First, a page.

Volume 43, Number 5, 200836th annual meeting of the European Radiation Research Society
|Number of page(s)||1|
|Section||Poster Presentation - Biophysical Dosimetry|
|Published online||03 September 2008|
An EPR method for discriminating radiation beams in ammonium tartrate and tooth enamel
Dipartimento di Fisica e Tecnologie Relative, Viale delle Scienze, Ed.18, 90128 Palermo, Italy
2 Istituto Superiore di Sanità, Viale Regina Elena, 299, 00161 Rome, Italy
The radiation linear energy transfer (LET), which is the energy released by ionizing radiation per path unit, arouses great scientific interest because the biological damage produced by ionizing radiation in tissues is strictly related to LET. Radiation beams with different LETs will cause different spatial energy distribution and therefore different effects inside matter.
In the last twenty years the EPR spectroscopy has become a valuable dosimetric tool. This technique allows absorbed dose measurements through the detection of free radicals produced by ionizing radiation in organic and/or inorganic compounds.
In this work we have analyzed the possibility of using the acquisition of two components (first harmonic in-phase, FH-0, and second harmonic out-of-phase, SH-90, components with respect to the modulation field) of EPR signal to discriminate the radiation quality. Studies have shown that the second harmonic absorption signal detection out-of-phase of the tooth samples could be promising for the enhancement of the tooth EPR signal . In fact, the tooth EPR signal due to irradiation has large relaxation times and the SH-90 detection is very sensitive to this kind of signals. In particular, in this work we have performed a study of the dependence of the two components of the EPR signal on microwave power in order to achieve information on quality beam and on the effective radiation LET. Actually, for different LET beams the different spatial distributions of the free radicals brings about differences in the relaxation times T1 and T2 (longitudinal and transversal, respectively). These differences involve differences in the relative intensities of the two components analyzed. The analyses were carried out on samples of ammonium tartrate which is a promising compound for the measurement of the absorbed ionizing radiation dose, as it shows suitable features, such as high efficiency of radiation-matter energy transfer, and a linear relation between radiation dose [2, 3] and on tooth samples. In particular, ammonium tartrate samples were exposed to 21 MeV protons, 60Co γ-photons and thermal neutrons as radiation beams with different LET. On the other hand, the tooth samples were irradiated to UV and gamma radiation.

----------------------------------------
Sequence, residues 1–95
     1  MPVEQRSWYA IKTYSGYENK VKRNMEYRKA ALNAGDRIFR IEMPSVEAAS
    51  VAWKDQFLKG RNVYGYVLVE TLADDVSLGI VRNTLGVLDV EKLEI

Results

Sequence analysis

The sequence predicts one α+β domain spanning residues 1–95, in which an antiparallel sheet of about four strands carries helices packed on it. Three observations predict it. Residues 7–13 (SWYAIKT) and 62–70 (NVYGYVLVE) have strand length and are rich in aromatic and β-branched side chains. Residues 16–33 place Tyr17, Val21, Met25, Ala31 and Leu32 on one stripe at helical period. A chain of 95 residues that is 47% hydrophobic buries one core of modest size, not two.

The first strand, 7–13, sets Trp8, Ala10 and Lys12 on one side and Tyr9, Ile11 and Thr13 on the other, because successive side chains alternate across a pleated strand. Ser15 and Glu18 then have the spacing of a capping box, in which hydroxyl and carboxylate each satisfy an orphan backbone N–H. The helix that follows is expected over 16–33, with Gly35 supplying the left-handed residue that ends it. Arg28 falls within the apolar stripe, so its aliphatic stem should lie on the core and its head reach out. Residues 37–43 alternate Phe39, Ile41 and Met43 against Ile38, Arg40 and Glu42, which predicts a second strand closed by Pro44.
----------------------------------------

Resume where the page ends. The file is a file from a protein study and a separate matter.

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Key words: ESR / dosimetry / ammonium tartate / tooth enamel
© EDP Sciences, 2008
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